Dealing With Spina Bifida in Children

Spina bifida is a birth defect that occurs when the spine and spinal cord don’t form properly. It falls under the broader category of neural tube defects. The neural tube is the embryonic structure that eventually develops into the baby’s brain and spinal cord and the tissues that enclose them. Normally, the neural tube forms early in pregnancy, and it closes by the 28th day after conception. In babies with spina bifida, a portion of the neural tube fails to develop or close properly, causing defects in the spinal cord and in the bones of the spine.

Spina bifida can range from mild to severe, depending on the type of defect, size, location and complications. When early treatment for spina bifida is necessary, it’s done surgically, although such treatment doesn’t always completely resolve the problem.

 

 

There are four main types of which include the following:

  • Occulta: This is the mildest form. Most patients have no neurological signs or symptoms. There may be a small birthmark, dimple or tuft of hair on the skin where the spinal defect is. The person may never know they have spina bifida unless a test for another condition reveals it by chance.
  • Closed neural tube defects: In this version, there can be a variety of potential defects in the spinal cord’s fat, bone, or meninges. In many cases, there are no symptoms; however, in some, there is partial paralysis and bowel and urinary incontinence.
  • Meningocele: The spinal cord develops normally, but the meninges, or protective membranes around the spinal cord, push through the opening in the vertebrae. The membranes are surgically removed, usually with little or no damage to nerve pathways.
  • Myelomeningocele: Myelomeningocele is the most severe form of spina bifida. In this condition, the spinal cord is exposed, causing partial or complete paralysis of the body below the opening. The symptoms are outlined in detail below.

Symptoms of Spinal Bifida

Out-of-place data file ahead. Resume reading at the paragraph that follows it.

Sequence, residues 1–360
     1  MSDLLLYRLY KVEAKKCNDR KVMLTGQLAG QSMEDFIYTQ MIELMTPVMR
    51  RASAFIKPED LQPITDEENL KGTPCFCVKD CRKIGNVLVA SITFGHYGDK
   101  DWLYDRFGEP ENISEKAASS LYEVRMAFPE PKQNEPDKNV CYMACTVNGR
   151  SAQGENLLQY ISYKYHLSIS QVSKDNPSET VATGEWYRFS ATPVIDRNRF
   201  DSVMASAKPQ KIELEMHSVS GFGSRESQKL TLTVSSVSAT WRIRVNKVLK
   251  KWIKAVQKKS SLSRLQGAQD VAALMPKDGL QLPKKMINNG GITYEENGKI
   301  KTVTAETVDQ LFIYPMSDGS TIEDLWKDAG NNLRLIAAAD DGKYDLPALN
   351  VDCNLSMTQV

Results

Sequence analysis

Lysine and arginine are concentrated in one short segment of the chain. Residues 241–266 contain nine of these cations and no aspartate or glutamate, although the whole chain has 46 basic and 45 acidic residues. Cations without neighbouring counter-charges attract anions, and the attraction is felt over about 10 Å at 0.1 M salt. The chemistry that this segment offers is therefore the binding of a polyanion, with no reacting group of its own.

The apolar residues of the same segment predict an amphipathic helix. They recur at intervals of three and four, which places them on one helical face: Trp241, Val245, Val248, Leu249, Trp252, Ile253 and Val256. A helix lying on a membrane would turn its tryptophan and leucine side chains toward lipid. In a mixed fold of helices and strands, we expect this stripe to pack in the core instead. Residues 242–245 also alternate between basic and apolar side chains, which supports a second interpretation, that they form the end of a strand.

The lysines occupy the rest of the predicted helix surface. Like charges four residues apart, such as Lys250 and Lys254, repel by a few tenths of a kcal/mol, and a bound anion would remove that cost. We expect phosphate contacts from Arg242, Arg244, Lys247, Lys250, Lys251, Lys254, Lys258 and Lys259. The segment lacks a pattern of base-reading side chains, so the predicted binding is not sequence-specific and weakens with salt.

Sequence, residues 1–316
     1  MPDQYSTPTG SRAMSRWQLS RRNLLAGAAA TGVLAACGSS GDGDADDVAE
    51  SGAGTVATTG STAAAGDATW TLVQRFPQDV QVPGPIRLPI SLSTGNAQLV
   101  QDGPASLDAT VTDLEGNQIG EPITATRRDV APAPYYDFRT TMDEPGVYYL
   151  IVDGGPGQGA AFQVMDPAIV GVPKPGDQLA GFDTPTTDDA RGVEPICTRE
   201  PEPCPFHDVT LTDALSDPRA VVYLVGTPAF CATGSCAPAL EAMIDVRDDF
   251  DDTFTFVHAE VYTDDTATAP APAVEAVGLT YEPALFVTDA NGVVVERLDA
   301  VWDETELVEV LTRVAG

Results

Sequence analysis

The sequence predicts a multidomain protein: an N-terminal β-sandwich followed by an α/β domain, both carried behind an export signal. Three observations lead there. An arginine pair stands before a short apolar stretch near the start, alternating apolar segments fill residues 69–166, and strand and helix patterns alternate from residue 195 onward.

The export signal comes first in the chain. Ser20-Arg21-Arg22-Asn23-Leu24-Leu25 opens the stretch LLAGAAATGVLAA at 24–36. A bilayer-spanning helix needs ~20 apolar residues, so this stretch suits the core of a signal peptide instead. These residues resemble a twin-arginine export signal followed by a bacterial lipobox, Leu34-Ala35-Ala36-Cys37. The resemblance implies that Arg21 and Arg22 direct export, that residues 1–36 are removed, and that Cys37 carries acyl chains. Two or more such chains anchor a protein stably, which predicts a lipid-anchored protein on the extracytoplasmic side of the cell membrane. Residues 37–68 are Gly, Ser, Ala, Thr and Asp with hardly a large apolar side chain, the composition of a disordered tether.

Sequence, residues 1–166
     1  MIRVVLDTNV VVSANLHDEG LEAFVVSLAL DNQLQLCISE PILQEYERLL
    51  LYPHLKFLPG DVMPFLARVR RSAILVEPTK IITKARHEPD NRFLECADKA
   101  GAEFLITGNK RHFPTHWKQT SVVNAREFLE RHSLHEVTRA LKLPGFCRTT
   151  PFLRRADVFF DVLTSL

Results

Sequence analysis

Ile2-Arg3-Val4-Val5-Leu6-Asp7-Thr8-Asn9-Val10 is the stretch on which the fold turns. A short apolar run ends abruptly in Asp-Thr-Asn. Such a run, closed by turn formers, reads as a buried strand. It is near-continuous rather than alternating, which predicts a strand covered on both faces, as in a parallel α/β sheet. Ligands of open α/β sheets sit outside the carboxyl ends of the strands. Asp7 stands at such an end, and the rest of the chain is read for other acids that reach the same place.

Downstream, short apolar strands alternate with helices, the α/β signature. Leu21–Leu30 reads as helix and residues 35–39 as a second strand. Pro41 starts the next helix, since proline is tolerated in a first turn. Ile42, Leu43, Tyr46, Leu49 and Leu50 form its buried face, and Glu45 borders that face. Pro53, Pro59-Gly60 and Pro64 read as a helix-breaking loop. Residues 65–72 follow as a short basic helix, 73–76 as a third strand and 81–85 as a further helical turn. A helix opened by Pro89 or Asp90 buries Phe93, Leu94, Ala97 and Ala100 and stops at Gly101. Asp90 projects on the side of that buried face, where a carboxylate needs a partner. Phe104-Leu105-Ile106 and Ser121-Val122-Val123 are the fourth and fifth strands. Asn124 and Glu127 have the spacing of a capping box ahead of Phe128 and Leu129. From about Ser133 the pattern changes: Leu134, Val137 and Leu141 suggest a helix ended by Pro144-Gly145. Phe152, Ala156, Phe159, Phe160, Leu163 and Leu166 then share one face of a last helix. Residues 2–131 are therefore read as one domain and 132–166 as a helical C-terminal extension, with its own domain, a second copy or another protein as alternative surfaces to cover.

Signs and symptoms vary by type and severity. Symptoms can also differ for each person. The most obvious sign for spina bifida occulta might be a tuft of hair or a small dimple or a birthmark at the site of the defect. Meningocele and myelomeningocele, may show the sac poking through the infant’s back. In the case of meningocele, the membranes around the spinal cord push out through an opening in the vertebrae, forming a sac filled with fluid, but this sac doesn’t include the spinal cord.

In myelomeningocele,

  • there’s usually no skin covering, and the spinal cord tissue is out in the open.
  • There may be a thin layer of skin over the sac.
  • The spinal canal remains open along several vertebrae in the lower or middle back.
  • Both the membranes and the spinal cord or nerves protrude at birth, forming a sac
  • Tissues and nerves usually are exposed, though sometimes skin covers the sac.

Other symptoms of myelomeningocele include:

  • Weak leg muscles (in some cases, the infant can’t move them at all).
  • Unusually shaped feet, uneven hips, or a curved spine (scoliosis).
  • Seizures.
  • Bowel or bladder problems.

The nervous system will also be more prone to infections, some of which can be life-threatening.

What Causes Spinal Bifida?

Doctors aren’t certain what causes spina bifida. As with many other problems, it appears to result from lack of folic acid (a type of vitamin B) in the mother’s body or a combination of genetic and environmental risk factors, such as a family history of neural tube defects and folate deficiency.

Also, women who have diabetes that isn’t managed well or who are obese may be more likely to have a child with spina bifida.

Risk factors

Spina bifida is more common among whites and Hispanics, and females are affected more often than males. Although doctors and researchers don’t know for sure why it occurs, they have identified some risk factors:

  • Folic acid: Spina bifida is more likely if a mother does not have enough folic acid during the pregnancy, although the reason is unclear. All women of reproductive age should make sure their folic acid intake is adequate. Since the introduction of folic acid recommendations by doctors, the number of births involving neural tube defects has fallen.
  • Plant proteins, iron, magnesium, and niacin: A low intake of these nutrients before conception may be associated with an increased risk of neural tube defects by two to five times.
  • Family history: If one infant is born with spina bifida, there is a 4 percent chance that a future sibling will have the same condition.
  • Medications: Drugs such as valproate, used to treat epilepsy or bipolar disorder, have been associated with a higher risk of giving birth to babies with congenital defects, such as spina bifida.
  • Diabetes: Women with diabetes who don’t control their blood sugar well have a higher risk of having a baby with spina bifida.
  • Obesity: A woman whose body mass index (BMI) is 30 or above with an increased risk of neural tube birth defects, including spina bifida, has a higher risk of having a baby with spina bifida.
  • Increased body temperature: Some evidence suggests that increased body temperature (hyperthermia) in the early weeks of pregnancy may increase the risk of spina bifida. Elevating your core body temperature, due to fever or the use of saunas or hot tubs, has been associated with a possible slight increased risk of spina bifida.